Certainly singers like Johnny Cash and Elvis. They sing more in my range especially Johnny Cash. Very few singers today sing in that range. Many singers now have high voices and that’s just not my range. As a kid, Johnny Cash was one of the few singers that I could sing along with and the same with Frank Sinatra. I really liked those artists because I could actually sing and perform their songs and sound like the record.
What’s it been like for you as an artist not to be able to perform in front of an audience in these strange times?
It’s a lot like performing in front of TV where I wouldn’t really perform in front of anybody and sometimes there might be a studio audience of a couple of hundred but most of the audience would usually be behind the screen. So performing and recording these videos with Radio WV just feels normal, but certainly not being able to perform in front of a live audience and seeing their response changes the way that I write because I’m not getting the feedback from a larger audience.
What do you think fans get from your music?
It depends a lot on the song. Often I start with an emotion or a story that’s actually happened and think about how that actually makes me feel or how would it make a person in that story feel. Everything from the music to the lyrics, it’s all meant to create a feeling within the listener. Whether it be angry, sad, happy or nostalgic, I try to take that emotion and carry it through the whole song and the production.
And what songs do you feel have connected for you and with an audience?
The song in the last few years that made me feel the most was ‘Scarecrow In The Garden’ by Chris Stapleton, it’s a fantastic story about a family coming to America, creating a farm and life becoming more and more difficult as generations pass. The last line of that song still gives me Goosebumps. It’s such a powerful story, and the last line makes you really think about Heaven and Hell. The last lines are ‘There’s a bible in my left hand and a pistol in my right.’ Implying that he’s either going to find solace in the pistol or scripture. It’s a very dark choice. It’s pretty powerful emotionally.
For my music I have a very large extended family and often we’ll have a Zoom call where everyone gets together, brothers and sisters, anyone who can join. I played them all a song based on a family story of my Grandfather who was a Pastor. It’s called ‘Eye for An Eye’ and everybody was crying before I even sang halfway through it. It was pretty powerful to see how much they were moved by it. I’m not sure the average listener would cry while listening this song, but it really impacted my family.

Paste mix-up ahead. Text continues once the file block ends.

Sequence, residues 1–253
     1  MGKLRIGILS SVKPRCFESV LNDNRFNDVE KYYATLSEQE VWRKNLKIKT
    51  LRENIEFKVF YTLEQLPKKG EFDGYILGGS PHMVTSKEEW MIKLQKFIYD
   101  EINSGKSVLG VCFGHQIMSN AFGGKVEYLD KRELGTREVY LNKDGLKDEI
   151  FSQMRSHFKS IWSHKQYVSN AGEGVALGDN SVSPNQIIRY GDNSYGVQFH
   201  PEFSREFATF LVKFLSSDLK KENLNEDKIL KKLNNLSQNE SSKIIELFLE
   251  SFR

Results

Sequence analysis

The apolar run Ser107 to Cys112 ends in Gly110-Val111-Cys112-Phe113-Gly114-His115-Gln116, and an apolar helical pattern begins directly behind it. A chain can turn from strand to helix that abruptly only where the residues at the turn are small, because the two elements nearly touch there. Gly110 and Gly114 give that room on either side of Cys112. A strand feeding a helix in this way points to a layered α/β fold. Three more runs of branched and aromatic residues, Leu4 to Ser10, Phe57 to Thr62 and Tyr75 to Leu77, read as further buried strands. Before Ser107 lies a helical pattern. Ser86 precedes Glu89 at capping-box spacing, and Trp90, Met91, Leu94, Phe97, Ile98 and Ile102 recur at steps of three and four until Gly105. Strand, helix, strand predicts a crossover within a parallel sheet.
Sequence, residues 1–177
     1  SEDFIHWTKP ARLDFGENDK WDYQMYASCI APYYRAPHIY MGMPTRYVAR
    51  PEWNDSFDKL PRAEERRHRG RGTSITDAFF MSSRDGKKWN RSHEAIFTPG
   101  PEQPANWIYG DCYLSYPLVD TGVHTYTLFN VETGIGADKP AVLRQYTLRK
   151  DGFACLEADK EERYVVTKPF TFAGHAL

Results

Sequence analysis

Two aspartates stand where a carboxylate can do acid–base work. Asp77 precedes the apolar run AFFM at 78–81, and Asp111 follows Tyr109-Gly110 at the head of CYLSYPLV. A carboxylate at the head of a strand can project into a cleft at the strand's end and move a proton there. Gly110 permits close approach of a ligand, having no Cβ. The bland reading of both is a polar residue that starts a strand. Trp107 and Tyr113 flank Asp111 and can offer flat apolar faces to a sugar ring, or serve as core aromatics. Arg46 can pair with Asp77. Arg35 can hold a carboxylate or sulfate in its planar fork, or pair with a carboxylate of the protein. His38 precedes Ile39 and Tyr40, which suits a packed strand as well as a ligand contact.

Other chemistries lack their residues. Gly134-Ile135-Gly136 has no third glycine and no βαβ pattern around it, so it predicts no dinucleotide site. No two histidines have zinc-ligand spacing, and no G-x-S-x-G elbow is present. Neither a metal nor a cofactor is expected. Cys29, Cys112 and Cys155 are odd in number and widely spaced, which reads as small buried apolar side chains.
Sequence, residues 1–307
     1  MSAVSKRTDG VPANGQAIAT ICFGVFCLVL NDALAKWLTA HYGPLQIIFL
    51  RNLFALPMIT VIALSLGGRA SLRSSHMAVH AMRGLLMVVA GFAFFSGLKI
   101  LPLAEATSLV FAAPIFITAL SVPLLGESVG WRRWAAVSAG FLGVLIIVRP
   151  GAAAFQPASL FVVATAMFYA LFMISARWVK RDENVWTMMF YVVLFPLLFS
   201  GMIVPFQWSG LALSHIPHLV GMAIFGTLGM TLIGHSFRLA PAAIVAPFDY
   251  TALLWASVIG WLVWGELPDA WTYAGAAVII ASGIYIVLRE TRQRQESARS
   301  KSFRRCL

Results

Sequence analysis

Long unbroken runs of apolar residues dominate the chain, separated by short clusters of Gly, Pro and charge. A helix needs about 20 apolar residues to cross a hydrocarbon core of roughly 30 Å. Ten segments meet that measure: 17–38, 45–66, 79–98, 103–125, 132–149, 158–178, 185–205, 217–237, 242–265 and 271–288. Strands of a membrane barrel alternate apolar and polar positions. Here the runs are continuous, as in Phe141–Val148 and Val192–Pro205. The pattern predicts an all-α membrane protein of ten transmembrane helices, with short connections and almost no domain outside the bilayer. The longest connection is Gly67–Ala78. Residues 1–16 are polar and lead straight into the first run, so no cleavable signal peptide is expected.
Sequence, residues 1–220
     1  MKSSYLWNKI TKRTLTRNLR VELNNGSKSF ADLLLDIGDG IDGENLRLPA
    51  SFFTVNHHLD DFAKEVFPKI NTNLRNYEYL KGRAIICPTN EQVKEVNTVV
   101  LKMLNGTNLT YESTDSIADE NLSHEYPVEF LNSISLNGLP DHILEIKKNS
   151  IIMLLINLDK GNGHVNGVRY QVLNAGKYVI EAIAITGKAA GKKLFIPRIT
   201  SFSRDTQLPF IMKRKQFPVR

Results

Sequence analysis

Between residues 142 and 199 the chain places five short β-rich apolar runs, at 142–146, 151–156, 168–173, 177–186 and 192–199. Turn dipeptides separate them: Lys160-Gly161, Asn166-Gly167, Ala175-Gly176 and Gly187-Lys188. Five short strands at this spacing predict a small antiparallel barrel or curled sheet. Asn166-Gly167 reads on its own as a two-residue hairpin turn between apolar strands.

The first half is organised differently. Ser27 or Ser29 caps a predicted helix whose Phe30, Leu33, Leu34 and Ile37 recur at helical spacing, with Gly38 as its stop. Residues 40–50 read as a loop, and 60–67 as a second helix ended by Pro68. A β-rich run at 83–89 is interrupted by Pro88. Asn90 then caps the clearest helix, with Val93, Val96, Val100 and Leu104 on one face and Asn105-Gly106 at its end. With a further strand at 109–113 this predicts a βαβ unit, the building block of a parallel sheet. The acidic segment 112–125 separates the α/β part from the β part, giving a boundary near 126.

Music is such a powerful experience do you feel a responsibility at all as an artist?
I feel that music should capture the real human experience and pop songs going into the pandemic were only happy songs, but people didn’t feel happy so why would you give them songs that don’t match their emotions. Sometimes you want that sad song. A lot of the old country songs are about real life, and I think that art has to represent real life. People can’t as easily connect with an emotion if it’s not represented in art. If you don’t have words to describe sadness then you struggle to feel it. And you struggle to capture in words what it might be. It’s easy to say this song is what I’m feeling because it’s more fundamental to your emotional state and it captures an emotion that words cannot.
That’s a fantastic answer.
Looking ahead what next for David Jameson?
Still pretty much focused on the album, I’ve yet to come up with a name yet. I’m still getting everything together so I can release in the next few months. This week ‘Sherman’s March’ video will be released on Radio WV and then more to follow. They are great videos and were really fun to shoot.
Checkout the video for ‘Sherman’s March’ by David Jameson with Radio WV.
Dalton Mills soul sparkles so brightly you’ll need sunglasses to go with a Hazmat suit. An exceptional lyricist he’s captured the lives, loss and heartaches of the disposed. Like a later day Chekov or Tolstoy he sings about the lonely souls in society, those who have fallen through the safety net and then kept falling with no end insight. His self titled album ‘Dalton Mills’ explores the stories of those who don’t register on the mainstream, who aren’t able to voice their pain and longing in a world where increasingly they are becoming ghosts.
In this podcast we get to listen to two acoustic songs from Dalton they are ‘Tornadoes’ and ‘Mountain Call’ from his majestic album. A labour of love for over a year and a half from taking the songs in lyric form and then with the help of friends, recorded in the back of a record store. The album was recorded just at the cusp of the pandemic, any later and we wouldn’t have such songs out in the world.
Coming from rural Kentucky from the small town of Middlesboro, (a city that’s built in a crater!). Dalton has seen his fair share of those who’ve been affected by drugs, mental health issues and those who’ve been abandoned by their families. Not one for happy songs, Dalton expresses more affinity for songs touched by darkness and damaged people, damaged people are often the most dangerous. They know how to make hell feel like home. Dalton follows in the footsteps of his musical heroes Townes Van Zant, Guy Clark, John Prine in writing and performing songs that matter and connects with an audience who want more than just manufactured pop songs.
Picking up a guitar as a high school student has led Dalton down this path of musical greatness. For the last 5 years Dalton’s been writing songs of a phenomenal calibre. One of the bleakest songs ever put to music is ‘Last Goodbye’ a tale of a bedridden soul, who has lost all hope and waiting to see if he will perish at the hands of his carer. It’s a song that will stay with you hours after you’ve heard it. Go listen to this sensational artist who brings words and stories from the darkest corners of humanity to life.
Click down below to hear the podcast from CloudwatcherUno featuring Dalton Mills. Also streaming on Apple Podcasts, Spotify, Google Podcasts, Podcast Addict and wherever you listen to your podcasts.